Perspectives: Death, Taxes, Finishing and Elections

Article From: Products Finishing, , from Products Finishing

Posted on: 11/1/2000

Forty years ago Milt Stevenson Sr. founded Anoplate Corporation, Syracuse, NY, to offer plating to a small, locally based machine shop industry.

Forty years ago Milt Stevenson Sr. founded Anoplate Corporation, Syracuse, NY, to offer plating to a small, locally based machine shop industry. Similarly, Earl Leonhardt purchased his shop in 1950 to provide plating for Cincinnati’s growing machine tool industry. As with most family owned and operated businesses, the children (and often wives and other family members) helped with the business. Eventually the father and/or parents passed the business on to their children.

Little did Messrs. Stevenson and Leonhardt realize that their inheritors could be penalized for carrying on a family business! Currently, taxes on estates worth more than $675,000 (or $1.35 million for a husband and wife) are as high as 60%. However, the November elections may change all that.

For most, the basic foundation of an estate plan is a living trust, which is revocable. With this trust, assets such as the home, automobiles and business are transferred into a trust where the owner is the principal trustee. Often, according to Timothy Middelton in his Industry Week column at www.industryweek.com, "these trusts have less to do with taxes than with avoiding probate." Also, they are time consuming and all records (including business records) are made public.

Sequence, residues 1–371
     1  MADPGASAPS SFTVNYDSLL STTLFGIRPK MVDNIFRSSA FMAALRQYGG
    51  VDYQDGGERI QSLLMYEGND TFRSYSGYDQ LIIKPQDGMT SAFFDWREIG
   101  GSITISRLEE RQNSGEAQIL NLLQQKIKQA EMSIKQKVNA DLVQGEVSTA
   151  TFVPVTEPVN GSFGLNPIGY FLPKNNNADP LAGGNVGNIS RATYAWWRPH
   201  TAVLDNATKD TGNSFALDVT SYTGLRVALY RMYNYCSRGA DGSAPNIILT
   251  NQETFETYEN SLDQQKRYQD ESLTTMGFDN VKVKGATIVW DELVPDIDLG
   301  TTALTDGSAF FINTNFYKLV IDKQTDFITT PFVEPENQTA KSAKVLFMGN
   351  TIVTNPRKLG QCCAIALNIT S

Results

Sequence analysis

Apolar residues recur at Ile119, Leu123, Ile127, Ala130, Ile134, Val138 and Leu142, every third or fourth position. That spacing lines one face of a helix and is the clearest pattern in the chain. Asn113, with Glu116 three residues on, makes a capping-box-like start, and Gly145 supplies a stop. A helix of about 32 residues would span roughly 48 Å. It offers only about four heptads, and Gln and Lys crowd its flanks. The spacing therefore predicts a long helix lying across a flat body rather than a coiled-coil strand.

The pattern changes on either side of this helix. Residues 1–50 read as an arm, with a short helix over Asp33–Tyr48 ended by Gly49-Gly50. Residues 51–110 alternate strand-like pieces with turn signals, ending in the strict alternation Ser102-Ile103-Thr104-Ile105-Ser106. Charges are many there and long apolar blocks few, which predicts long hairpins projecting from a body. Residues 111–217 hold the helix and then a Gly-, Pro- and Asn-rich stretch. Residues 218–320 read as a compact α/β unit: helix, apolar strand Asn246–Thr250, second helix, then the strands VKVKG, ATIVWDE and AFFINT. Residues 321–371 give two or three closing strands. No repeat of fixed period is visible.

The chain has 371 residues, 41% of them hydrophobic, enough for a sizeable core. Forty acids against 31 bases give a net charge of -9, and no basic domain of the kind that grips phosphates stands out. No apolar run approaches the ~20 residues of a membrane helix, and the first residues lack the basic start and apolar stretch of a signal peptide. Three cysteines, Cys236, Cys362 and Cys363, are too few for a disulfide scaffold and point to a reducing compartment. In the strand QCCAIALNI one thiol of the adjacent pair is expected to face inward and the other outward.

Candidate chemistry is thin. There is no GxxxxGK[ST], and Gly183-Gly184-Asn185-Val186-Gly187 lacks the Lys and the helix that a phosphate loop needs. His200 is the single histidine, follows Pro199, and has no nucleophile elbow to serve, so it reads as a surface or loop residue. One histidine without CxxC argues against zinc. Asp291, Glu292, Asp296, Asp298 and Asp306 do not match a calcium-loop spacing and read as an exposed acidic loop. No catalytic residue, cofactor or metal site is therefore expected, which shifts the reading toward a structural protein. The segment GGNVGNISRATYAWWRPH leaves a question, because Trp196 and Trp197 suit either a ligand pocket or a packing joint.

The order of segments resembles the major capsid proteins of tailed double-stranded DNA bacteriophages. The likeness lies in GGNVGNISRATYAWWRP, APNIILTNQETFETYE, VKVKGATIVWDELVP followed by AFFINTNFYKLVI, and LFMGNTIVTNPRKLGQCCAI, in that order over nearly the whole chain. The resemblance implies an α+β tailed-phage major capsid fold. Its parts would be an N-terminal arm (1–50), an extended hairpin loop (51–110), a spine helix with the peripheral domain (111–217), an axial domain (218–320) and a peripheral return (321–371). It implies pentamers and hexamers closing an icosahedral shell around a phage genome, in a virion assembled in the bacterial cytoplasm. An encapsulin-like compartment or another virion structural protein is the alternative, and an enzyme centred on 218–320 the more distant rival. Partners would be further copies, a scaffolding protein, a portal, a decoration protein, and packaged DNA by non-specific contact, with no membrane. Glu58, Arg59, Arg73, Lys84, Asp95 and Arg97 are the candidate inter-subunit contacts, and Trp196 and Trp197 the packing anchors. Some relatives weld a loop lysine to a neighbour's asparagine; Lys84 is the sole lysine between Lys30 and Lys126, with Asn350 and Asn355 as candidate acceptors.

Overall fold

A standard tax-oriented trust or unified credit trust refers to the amount excluded from the estate taxes for any individual. This is put in a separate trust and the balance goes to the surviving spouse. Spouses are not taxed on this.

Some common irrevocable trusts have links to charities. An estate can avoid taxes by leaving the business to charity, which can then sell it without paying capital gains. The charity then buys an annuity for the donor to provide income for his/her lifetime.

Some businesses, such as Leonhardt Plating, have already worked out a plan whereby the current owners Dan and Kerry (Earl's sons) are selling the business to Dan's three sons, Joe, Scott and Kevin. The sons will own and operate the business within the next five years.

But, depending on the results of the elections, there is a chance that estate taxes may be reformed; therefore, Douglas A. Rothermich, an estate planning consultant for TIAA-CREF Trust Co., St. Louis, recommends holding off on trust planning until Washington has acted.



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